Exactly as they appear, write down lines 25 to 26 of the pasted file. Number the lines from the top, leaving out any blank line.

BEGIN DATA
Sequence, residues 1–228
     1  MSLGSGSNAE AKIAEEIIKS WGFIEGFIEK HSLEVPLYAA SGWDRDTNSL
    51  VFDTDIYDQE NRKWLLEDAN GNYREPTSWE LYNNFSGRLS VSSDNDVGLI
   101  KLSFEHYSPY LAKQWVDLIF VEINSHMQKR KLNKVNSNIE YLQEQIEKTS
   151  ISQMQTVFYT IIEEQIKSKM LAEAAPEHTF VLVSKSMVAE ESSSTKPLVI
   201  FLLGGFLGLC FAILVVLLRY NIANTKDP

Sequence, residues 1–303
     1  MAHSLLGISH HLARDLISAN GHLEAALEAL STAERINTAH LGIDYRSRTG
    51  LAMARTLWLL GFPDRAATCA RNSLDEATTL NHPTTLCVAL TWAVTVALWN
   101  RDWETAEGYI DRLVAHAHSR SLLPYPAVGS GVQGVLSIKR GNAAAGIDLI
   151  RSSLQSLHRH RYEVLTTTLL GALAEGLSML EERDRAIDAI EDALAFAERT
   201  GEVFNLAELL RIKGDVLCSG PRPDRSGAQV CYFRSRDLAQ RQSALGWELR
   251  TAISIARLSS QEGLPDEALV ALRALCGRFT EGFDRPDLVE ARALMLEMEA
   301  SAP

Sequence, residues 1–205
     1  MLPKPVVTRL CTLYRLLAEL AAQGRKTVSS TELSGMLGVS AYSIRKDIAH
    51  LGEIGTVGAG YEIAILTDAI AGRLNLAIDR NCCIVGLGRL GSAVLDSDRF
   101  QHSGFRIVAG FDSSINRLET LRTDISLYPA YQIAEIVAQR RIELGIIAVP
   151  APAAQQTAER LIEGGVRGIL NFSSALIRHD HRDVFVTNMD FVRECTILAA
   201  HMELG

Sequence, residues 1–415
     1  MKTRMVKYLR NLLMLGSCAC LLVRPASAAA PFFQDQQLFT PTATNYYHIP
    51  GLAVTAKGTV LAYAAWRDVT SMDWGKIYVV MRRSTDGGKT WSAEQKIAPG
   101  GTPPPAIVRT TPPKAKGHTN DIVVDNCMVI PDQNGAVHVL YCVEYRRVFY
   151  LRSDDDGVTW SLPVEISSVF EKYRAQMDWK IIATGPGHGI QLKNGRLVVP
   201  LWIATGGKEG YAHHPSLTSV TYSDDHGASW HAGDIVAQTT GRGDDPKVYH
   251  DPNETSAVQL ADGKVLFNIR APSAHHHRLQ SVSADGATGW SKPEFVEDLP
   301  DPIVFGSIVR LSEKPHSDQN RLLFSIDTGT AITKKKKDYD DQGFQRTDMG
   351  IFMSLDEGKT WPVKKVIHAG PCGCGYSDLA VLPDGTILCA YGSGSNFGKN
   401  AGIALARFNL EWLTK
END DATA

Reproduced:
   151  LRSDDDGVTW SLPVEISSVF EKYRAQMDWK IIATGPGHGI QLKNGRLVVP
   201  LWIATGGKEG YAHHPSLTSV TYSDDHGASW HAGDIVAQTT GRGDDPKVYH